Republican nominee Donald Trump has been elected president, according to the Associated Press. The real estate executive has largely ignored education during his successful presidential bid, except for a $20 billion federal investment in school choice he announced in September. And there are a lot of unanswered questions about what his administration will mean for public schools.
Having never held elected office, Trump’s K-12 record was already relatively thin compared to some of his opponents when he began running last year. He’s mostly discussed public schools in sound bites, claiming that he would get rid of the Common Core State Standards (which aren’t a federal program) as well as gun-free school zones.
And his election could represent a serious threat to the U.S. Department of Education, which he has said he’d either drastically cut or eliminate altogether. Plus, key Obama-era regulations governing the Every Student Succeeds Act, which many Republicans have said they dislike, could also be rescinded by Trump.
Trump pitched that $20 billion school choice program as leverage for states to direct more students to the private, charter, magnet, and traditional public schools of their choice. He says it would help disadvantaged students in urban areas leave low-performing schools. It’s designed, ultimately, to leverage over $100 billion in additional state investments in choice programs.
However, there’s a lot of uncertainty in the education community about whether such a plan, which would rely on federal money shifted over from other programs, could get serious traction in Congress.
Here are a few other highlights from Trump’s remarks about education on the campaign trail:
- He thinks that American spends far too much on schools in exchange for poor scores on international tests.
- Trump wants to cap periodic student loan repayments at 12.5 percent of income, and grant loan forgiveness to borrowers after 15 years under certain conditions.
- He also unveiled a series of proposals to improve early-childhood programs, including a tax credit available for low-income families to use on “child enrichment activities, six weeks of guaranteed paid maternity leave, and new incentives for employers to provide on-site daycare.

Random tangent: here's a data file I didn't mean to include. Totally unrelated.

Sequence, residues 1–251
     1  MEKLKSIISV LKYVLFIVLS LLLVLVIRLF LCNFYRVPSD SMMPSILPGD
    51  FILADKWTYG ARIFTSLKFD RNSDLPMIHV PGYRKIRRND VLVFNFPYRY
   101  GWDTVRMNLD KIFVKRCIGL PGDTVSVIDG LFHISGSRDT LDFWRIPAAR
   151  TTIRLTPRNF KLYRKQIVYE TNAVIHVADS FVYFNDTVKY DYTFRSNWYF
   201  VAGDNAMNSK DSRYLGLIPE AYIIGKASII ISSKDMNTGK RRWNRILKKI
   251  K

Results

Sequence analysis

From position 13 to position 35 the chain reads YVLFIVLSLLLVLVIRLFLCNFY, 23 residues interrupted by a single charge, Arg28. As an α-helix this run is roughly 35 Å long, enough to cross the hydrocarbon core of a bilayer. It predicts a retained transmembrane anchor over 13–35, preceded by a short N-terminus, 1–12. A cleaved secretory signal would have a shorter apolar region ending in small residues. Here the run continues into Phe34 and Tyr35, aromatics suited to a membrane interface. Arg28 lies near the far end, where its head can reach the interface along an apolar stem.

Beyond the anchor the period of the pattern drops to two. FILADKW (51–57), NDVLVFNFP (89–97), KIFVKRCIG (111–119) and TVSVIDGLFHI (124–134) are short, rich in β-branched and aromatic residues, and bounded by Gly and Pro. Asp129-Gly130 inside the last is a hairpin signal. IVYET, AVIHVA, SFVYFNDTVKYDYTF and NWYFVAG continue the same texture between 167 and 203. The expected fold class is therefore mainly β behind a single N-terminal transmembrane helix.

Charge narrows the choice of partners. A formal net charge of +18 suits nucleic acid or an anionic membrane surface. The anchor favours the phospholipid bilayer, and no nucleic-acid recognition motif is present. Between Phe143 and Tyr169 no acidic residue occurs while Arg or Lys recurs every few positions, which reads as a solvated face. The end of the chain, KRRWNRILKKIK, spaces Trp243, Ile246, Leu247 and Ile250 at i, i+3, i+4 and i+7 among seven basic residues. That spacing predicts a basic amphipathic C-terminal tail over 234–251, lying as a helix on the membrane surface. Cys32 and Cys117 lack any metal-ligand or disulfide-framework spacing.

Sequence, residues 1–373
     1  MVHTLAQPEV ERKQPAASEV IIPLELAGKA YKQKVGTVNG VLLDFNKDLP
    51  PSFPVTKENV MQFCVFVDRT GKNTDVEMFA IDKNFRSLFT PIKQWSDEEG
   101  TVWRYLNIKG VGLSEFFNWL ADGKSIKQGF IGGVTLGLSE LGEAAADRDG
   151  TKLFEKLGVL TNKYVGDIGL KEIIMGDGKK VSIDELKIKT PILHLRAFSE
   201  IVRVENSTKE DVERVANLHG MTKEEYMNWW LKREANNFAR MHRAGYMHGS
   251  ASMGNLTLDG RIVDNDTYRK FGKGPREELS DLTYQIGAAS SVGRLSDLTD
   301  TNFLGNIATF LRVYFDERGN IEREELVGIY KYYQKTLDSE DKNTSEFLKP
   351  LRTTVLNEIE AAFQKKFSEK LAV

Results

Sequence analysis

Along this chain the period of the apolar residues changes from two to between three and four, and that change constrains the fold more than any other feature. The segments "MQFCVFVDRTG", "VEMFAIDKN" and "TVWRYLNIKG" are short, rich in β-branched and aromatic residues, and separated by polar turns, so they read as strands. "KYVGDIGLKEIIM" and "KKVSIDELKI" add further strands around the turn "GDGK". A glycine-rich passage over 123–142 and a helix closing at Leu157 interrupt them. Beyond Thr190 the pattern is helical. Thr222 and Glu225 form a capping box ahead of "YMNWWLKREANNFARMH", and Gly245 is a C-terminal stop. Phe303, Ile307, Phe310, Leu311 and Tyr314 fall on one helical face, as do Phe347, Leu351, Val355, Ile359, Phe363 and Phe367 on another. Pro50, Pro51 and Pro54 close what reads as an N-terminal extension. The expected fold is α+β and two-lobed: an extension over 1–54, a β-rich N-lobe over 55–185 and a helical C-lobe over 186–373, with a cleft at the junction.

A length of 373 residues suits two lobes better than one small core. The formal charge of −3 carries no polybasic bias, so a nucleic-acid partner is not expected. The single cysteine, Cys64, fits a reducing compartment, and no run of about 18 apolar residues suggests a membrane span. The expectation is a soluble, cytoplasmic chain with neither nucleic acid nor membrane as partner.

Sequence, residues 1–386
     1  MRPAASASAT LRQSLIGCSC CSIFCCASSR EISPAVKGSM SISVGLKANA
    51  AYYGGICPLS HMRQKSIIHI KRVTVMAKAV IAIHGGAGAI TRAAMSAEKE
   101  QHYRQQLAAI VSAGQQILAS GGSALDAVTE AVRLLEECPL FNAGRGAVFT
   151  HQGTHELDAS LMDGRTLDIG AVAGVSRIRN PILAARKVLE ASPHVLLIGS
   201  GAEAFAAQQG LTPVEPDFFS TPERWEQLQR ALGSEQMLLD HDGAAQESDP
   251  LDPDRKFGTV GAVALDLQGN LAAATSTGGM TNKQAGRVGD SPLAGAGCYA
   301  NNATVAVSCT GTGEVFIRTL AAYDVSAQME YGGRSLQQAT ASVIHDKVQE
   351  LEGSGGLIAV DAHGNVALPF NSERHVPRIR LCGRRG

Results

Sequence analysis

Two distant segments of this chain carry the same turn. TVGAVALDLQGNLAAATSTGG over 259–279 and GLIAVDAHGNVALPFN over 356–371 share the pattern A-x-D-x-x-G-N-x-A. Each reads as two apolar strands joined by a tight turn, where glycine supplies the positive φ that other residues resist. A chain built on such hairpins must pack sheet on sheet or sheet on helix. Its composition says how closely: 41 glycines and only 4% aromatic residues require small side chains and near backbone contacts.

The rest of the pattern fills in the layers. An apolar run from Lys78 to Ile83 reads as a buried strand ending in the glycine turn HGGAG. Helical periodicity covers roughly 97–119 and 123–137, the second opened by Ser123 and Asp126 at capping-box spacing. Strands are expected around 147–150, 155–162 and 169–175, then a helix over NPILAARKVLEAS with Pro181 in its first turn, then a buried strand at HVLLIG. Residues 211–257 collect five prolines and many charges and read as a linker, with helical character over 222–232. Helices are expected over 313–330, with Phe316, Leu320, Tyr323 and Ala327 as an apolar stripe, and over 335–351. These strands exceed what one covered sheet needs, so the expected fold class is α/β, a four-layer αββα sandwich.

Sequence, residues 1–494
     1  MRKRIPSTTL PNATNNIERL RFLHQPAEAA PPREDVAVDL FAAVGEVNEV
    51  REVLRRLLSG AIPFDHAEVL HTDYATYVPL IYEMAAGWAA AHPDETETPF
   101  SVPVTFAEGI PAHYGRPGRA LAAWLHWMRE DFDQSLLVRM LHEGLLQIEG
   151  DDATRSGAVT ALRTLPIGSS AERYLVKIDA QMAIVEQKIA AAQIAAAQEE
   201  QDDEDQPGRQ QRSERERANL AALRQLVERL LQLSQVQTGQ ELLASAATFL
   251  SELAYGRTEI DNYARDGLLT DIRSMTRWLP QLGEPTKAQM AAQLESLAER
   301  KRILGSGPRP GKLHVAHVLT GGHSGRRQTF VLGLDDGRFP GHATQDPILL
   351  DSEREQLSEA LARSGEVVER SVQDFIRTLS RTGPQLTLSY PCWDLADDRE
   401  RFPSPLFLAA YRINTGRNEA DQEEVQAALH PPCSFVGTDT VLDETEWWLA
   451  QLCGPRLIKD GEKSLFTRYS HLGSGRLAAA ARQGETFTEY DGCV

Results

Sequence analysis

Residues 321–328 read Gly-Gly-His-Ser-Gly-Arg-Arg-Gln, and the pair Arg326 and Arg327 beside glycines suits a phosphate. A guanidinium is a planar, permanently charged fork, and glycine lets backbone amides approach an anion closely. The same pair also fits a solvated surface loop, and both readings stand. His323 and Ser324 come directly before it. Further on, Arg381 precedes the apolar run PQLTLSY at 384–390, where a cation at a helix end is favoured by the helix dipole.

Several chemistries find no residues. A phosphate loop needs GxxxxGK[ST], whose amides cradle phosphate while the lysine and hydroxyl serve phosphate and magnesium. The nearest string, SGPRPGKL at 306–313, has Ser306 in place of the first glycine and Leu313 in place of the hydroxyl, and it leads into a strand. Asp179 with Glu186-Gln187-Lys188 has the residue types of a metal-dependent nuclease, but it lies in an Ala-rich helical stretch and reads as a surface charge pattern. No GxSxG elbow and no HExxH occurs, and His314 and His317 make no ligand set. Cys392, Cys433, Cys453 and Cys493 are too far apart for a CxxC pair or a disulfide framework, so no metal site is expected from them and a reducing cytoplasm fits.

- Trump has criticized “education bureaucrats” for being protected by politicians like Clinton at the expense of poor students, although he hasn’t specified who he considers to be a part of that group.
Who Trump picks for education secretary could also be a key question—if he keeps the department at all. Earlier this year, he mentioned that his one-time GOP rival for the presidency, Ben Carson, would have a key role in education in his administration. But he hasn’t elaborated on this idea. And Trump surrogate Carl Palladino said earlier this month that Trump could pick someone from outside the education sphere to be his secretary. If he decides to stick with someone in education, he could go with Gerard Robinson, a former Florida State chief who has been advising him.
In political terms, his victory represents a crushing blow to the American Federation of Teachers and the National Education Association. Both enthusiastically endorsed Democratic nominee Hillary Clinton, and AFT President Randi Weingarten has been particularly vigorous in her support for Clinton and denunciations of Trump. Both unions also argued that Trump’s conduct throughout the election contributed to an increase in bullying and a more negative environment in schools, although there’s no real data to back that up.
Find out more about Trump’s views on education here. And click here for a Politics K-12 video discussion of Trump’s views on education, as well as Hillary Clinton’s.
President-elect Donald Trump gives his acceptance speech during his election night rally on Nov. 9 in New York. --John Locher/AP